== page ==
From: Wisconsin


Okay, so you need to find eight consecutive digits in TableB.Title - if there is one. If you can, you should add a new text field to TableB to store the eight-digit value that you extract, because extracting it is going to slow down any query that does so, especially if TableB has a lot of records in it. Here's a function you can use to pull the values, where they can be found:

Public Function ExtractedEightDigits(ByVal varInput As Variant) As String

    Dim i As Integer, j As Integer, intConsecutiveDigits As Integer
    If IsNull(varInput) Then Exit Function
'   Find a digit
    For i = 1 To Len(varInput)
        If IsNumeric(Mid(varInput, i, 1)) Then
'           Found a digit.  See if the next seven characters are also digits.
            intConsecutiveDigits = 0
'           Loop from the found digit to the end of the string
            For j = i To Len(varInput)
                If IsNumeric(Mid(varInput, j, 1)) Then
'                   Count how many consecutive digits there are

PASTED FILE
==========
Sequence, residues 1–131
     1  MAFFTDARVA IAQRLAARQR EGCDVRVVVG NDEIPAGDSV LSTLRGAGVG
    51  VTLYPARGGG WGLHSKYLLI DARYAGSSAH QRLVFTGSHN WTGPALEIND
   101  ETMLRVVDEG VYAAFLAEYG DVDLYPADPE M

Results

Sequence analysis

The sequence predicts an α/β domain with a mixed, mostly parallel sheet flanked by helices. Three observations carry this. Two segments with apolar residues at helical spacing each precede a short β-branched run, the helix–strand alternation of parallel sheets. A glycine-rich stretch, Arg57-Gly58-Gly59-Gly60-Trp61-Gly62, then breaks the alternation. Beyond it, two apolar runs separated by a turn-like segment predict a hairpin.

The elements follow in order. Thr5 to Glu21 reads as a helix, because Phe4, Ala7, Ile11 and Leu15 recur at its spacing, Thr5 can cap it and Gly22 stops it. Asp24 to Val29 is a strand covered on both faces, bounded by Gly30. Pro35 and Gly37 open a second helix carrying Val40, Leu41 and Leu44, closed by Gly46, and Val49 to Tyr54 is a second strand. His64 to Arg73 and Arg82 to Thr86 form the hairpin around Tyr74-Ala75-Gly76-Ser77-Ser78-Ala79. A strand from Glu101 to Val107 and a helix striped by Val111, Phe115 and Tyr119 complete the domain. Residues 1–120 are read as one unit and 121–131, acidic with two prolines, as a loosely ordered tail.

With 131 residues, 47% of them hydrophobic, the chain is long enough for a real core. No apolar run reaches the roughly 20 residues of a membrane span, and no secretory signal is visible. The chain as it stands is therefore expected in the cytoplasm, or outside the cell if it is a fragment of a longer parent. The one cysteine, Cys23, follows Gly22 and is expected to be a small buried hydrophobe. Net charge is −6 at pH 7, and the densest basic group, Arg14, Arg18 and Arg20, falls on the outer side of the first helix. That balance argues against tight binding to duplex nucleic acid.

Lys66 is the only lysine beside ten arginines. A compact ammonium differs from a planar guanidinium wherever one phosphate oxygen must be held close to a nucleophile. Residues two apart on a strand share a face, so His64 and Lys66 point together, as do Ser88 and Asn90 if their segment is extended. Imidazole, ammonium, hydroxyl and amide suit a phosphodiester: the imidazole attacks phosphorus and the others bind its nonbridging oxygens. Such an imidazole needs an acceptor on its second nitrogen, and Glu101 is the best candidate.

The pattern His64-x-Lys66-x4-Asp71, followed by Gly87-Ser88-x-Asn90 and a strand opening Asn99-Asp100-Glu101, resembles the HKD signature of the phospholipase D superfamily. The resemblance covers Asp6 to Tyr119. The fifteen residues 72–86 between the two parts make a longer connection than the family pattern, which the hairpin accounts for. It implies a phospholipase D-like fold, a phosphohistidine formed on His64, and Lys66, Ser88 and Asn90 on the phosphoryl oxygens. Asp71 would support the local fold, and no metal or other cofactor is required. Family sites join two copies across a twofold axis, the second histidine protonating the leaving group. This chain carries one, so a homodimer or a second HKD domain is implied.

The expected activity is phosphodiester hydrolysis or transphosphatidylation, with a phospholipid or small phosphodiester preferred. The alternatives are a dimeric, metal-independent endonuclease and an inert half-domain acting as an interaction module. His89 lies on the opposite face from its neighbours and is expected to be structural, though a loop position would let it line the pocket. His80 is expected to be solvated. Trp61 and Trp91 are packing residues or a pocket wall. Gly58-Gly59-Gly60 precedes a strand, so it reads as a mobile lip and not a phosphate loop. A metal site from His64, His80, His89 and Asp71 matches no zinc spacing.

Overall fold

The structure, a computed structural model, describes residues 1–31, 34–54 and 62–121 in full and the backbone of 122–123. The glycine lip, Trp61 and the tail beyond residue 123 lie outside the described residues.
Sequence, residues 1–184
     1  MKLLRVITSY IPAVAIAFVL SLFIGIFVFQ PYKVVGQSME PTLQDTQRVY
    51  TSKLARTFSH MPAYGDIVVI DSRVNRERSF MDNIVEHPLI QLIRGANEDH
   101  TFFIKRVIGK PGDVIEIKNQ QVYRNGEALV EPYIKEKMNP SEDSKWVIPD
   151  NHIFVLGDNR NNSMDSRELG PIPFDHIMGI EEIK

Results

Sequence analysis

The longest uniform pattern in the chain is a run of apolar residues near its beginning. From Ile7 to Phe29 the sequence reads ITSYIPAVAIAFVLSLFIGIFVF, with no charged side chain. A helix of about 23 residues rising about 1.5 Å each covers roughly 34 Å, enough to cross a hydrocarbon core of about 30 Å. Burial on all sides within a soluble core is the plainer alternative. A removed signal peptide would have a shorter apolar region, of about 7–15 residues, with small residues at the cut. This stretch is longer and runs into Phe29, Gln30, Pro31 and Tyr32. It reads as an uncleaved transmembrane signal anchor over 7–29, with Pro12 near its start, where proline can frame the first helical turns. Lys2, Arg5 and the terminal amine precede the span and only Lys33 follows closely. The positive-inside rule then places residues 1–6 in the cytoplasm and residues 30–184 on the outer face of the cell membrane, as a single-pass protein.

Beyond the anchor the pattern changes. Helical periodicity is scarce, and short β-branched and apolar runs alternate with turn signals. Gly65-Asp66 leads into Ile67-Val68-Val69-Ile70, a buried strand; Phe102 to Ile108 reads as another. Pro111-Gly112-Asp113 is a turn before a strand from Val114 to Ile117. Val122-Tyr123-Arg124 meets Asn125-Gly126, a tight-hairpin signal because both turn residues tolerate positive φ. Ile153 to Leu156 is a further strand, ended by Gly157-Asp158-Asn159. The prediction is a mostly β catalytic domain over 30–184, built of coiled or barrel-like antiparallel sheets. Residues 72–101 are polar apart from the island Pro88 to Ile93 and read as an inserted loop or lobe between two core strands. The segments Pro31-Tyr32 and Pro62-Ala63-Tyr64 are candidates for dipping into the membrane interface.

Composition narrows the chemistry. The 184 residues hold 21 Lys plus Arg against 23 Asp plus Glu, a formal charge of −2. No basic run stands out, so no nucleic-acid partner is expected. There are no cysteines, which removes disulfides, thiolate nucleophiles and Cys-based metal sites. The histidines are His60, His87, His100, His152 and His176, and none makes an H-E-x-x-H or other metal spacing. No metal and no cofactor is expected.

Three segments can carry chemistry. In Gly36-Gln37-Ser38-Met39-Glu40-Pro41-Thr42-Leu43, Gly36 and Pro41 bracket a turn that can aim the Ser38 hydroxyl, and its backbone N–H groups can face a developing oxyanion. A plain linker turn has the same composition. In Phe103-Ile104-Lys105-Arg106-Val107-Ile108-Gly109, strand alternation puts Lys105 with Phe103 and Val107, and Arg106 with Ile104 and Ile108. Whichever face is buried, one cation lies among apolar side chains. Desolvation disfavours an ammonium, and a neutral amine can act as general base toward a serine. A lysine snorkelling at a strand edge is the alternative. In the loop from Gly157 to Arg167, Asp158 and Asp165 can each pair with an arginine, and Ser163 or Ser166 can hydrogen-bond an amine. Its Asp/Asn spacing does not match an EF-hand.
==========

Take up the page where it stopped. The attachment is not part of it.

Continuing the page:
intConsecutiveDigits = intConsecutiveDigits + 1
'                   Stop counting when when we find a non-digit character
                    Exit For
                End If
            Next j
'           If we found exactly 8 digits in a row, return that value and exit
            If intConsecutiveDigits = 8 Then
                ExtractedEightDigits = Mid(varInput, i, 8)
                Exit Function
            End If
        End If
    Next i

End Function

You can use this code either in a Select query (which will be slow), or you can use it with an Update query that populates a new text field with the extracted values, which should make things easier, as long as you don't need to deal with new records in TableB that don't have the code in a separate field.